Elsie Whitlow Stokes Public Charter School
The composting program at Elsie Whitlow Stokes Public Charter School (Stokes School) in northeast Washington, DC demonstrates what is possible when a school holistically embraces composting. `Abdu’l-Karim Ewing-Boyd, International Baccalaureate Primary Years Program and Garden Programs Coordinator for Stokes School, is central to the school’s effort to incorporate composting into its curricula and operations. In fall 2014, Karim participated in the Neighborhood Soil Rebuilders Advanced Composter training course, a 6-week course covering the fundamentals of composting. To fulfill the community service requirements of the course, Karim oversaw the design and building of a new composting system in the Stokes School Garden and implemented a program to compost the school cafeteria’s food scraps. He trained students to help collect and compost the food scraps, and also teaches hands-on compost-focused lessons, helping teachers meet the requirements under the New Generation Science Standards. Stokes School is available to serve as a teaching model for others in the DC School Garden Network, of which it is an active member, and beyond.
Among the many benefits of such an integrative program are the opportunities for skill building and applied learning that reinforce the New Generation Science Standards. Composting also helps reduce the school’s waste and waste management costs. The parents’ interest in learning how to compost at home will help spur a culture of composting know-how in the wider community and lay the groundwork for successful municipal-wide programs.
Start date: January 19th, 2015
System used: One 3-bin system for outdoor thermophilic (hot) composting and 10 small vermicomposting bins for in-classroom use. Students and parents built the 3-bin system as a Martin Luther King Day service project.
Materials composted: Stokes School’s cafeteria prepares three meals a day for its 430+ students and staff, as well as meals for three other area schools—roughly 2,500 meals per day. Karim reports that the program is composting nearly 150 gallons of food scraps per week. The food scraps are composted with cardboard, leaves, and woodchips.
The success of the composting program can be attributed to the outreach and training provided to the school’s community: teachers, students, staff, administration and parents. Targeted communications have allowed for effective coordination among these key players.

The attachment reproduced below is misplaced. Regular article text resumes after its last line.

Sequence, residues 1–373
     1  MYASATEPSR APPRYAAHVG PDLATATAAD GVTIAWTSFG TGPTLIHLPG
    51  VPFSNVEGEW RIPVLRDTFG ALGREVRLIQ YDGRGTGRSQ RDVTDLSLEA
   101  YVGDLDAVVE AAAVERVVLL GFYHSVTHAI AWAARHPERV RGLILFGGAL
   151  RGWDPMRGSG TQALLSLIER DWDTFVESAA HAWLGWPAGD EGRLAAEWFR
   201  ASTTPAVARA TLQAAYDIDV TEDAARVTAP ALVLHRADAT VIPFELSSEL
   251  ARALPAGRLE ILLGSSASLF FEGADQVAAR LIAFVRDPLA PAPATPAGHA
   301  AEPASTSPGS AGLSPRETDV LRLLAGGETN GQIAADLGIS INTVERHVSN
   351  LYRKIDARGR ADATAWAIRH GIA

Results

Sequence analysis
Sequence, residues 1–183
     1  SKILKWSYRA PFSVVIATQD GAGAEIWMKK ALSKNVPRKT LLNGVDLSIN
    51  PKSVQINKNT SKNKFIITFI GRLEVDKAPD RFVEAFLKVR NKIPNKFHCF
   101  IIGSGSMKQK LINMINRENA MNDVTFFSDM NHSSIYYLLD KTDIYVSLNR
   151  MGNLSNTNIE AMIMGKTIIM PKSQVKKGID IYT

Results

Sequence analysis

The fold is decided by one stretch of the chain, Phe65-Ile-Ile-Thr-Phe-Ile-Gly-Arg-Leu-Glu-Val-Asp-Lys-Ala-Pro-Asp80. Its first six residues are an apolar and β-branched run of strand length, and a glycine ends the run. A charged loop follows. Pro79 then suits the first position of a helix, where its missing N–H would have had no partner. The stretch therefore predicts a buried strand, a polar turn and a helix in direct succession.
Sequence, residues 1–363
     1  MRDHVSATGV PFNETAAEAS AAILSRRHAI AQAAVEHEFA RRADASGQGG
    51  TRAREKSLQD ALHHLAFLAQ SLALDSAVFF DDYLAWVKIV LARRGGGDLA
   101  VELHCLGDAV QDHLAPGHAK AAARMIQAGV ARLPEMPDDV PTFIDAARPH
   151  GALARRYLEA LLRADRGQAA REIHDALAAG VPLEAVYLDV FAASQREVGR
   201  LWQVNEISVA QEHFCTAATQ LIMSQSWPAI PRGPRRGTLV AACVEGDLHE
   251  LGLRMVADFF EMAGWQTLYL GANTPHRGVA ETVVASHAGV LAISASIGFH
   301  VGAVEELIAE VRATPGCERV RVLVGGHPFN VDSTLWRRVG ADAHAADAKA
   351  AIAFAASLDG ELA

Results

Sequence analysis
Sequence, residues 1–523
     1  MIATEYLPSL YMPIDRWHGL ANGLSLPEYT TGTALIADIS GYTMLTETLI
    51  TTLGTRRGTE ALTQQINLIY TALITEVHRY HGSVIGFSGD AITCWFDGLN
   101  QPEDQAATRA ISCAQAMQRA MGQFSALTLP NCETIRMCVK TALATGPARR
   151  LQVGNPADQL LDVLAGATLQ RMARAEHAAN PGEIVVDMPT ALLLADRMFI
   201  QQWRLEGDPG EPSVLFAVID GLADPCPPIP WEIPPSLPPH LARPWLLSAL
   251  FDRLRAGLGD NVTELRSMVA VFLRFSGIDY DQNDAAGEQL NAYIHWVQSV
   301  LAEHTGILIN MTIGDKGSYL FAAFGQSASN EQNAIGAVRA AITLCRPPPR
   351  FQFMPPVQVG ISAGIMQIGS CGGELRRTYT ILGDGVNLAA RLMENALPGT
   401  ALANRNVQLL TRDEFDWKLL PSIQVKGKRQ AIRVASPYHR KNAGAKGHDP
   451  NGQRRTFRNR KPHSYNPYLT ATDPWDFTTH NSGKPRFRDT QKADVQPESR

Teachers: Stokes School teaches to the New Generation Science Standards, as does the DC public school system. Karim provides teachers with hands-on lesson plans that reinforce the science lessons each grade is set to explore. He garnered the teachers’ support and participation by offering to lead these specialized lessons. Some lessons utilize the vermicomposting bin found in each classroom, and others incorporate visits to his outdoor classroom, the Stokes Garden, which has raised garden beds and the 3-bin composting system. Examples of lessons include 4th grade students using the vermicomposting bins to learn about the life cycle and habitat of worms, and 5th graders visiting the outdoor compost system to learn about the compost and soil food webs.
Students: Not only do students benefit from the reinforcement that these hands-on composting activities provide to their studies, but they also have an opportunity to get outside, get their hands dirty, and experience first-hand the role they play in how resources cycle through their school. Karim reports: “The earliest compost is now in the garden beds and kids just had spinach and butter lettuce on the salad bar grown in beds amended with compost from their old food. Cool, huh?”
Stokes School has also trained a cadre of 25 student Compost Captains who help their peers to successfully participate in the separation of compostable materials from waste in the cafeteria. In addition to the responsibility for routine monitoring and maintenance of the composting system, the composting program primes students with opportunities for leadership, while also providing them with concrete skills.
Staff: Karim is responsible for creating and maintaining the Stokes School composting program. The program would not exist without him as a champion. His training as part of the Neighborhood Soil Rebuilders composter training program provided him with the technical skills he needed to operate the composting system successfully.
Karim organized, trained, and sought buy-in from the cafeteria and janitorial staff. This was critical to the success of the program. He worked with cafeteria staff to assure that they liked the system for separating food scraps. In addition, Karim has a great relationship with the school’s groundskeeper, making it possible for them to work together to store the woodchips, cardboard and food scraps central to the composting process.
Administration: The program would not be possible without the support and participation of the school’s Executive Director and administration. The school’s focus on service learning, and dedication to connecting students to urban agriculture by way of the Stokes Garden, provides the composting program fertile ground to grow in.
Parents: Parents are enthusiastic about the composting program. They were key participants in the bin building on Martin Luther King Day and will help build another 3-bin system in fall 2015. Parents have also asked Karim to teach a composting course for them during the coming school year.